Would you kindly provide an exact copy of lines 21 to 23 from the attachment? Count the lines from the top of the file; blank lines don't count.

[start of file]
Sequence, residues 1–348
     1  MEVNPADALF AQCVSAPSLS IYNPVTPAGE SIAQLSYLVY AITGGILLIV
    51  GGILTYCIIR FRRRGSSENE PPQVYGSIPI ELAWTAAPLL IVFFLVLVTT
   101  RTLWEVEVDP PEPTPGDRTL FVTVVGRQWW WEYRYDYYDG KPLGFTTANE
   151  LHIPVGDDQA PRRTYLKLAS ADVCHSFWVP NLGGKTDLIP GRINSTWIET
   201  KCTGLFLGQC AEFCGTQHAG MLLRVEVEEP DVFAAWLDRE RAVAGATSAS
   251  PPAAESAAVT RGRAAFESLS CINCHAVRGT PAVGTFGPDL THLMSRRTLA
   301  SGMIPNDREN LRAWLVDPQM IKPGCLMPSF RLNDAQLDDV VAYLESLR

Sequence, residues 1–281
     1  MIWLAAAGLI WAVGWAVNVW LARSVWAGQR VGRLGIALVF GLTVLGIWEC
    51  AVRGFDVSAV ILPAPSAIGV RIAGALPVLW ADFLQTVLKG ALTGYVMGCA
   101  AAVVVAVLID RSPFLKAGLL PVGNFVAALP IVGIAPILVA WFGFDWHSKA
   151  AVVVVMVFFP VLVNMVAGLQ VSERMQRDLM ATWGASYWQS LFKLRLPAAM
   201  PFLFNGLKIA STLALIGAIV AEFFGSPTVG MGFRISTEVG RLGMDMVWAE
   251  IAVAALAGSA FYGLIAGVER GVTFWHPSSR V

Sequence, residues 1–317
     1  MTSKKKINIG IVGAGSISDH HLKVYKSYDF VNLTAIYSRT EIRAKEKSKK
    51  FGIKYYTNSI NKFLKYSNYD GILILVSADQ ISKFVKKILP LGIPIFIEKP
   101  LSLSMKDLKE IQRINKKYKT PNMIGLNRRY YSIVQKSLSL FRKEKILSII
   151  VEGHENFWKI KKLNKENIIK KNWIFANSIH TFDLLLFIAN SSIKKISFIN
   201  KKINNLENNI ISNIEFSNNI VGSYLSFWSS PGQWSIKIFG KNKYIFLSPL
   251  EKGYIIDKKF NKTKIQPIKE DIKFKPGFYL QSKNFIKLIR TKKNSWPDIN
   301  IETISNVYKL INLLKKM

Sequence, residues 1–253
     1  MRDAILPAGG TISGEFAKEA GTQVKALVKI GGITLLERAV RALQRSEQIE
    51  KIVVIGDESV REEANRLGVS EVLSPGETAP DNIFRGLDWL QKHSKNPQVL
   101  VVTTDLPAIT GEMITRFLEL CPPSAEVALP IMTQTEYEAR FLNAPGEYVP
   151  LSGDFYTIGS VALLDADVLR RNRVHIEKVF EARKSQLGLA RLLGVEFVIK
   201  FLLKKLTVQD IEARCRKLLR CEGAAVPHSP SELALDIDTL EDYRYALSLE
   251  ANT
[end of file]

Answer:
   201  KKINNLENNI ISNIEFSNNI VGSYLSFWSS PGQWSIKIFG KNKYIFLSPL
   251  EKGYIIDKKF NKTKIQPIKE DIKFKPGFYL QSKNFIKLIR TKKNSWPDIN
   301  IETISNVYKL INLLKKM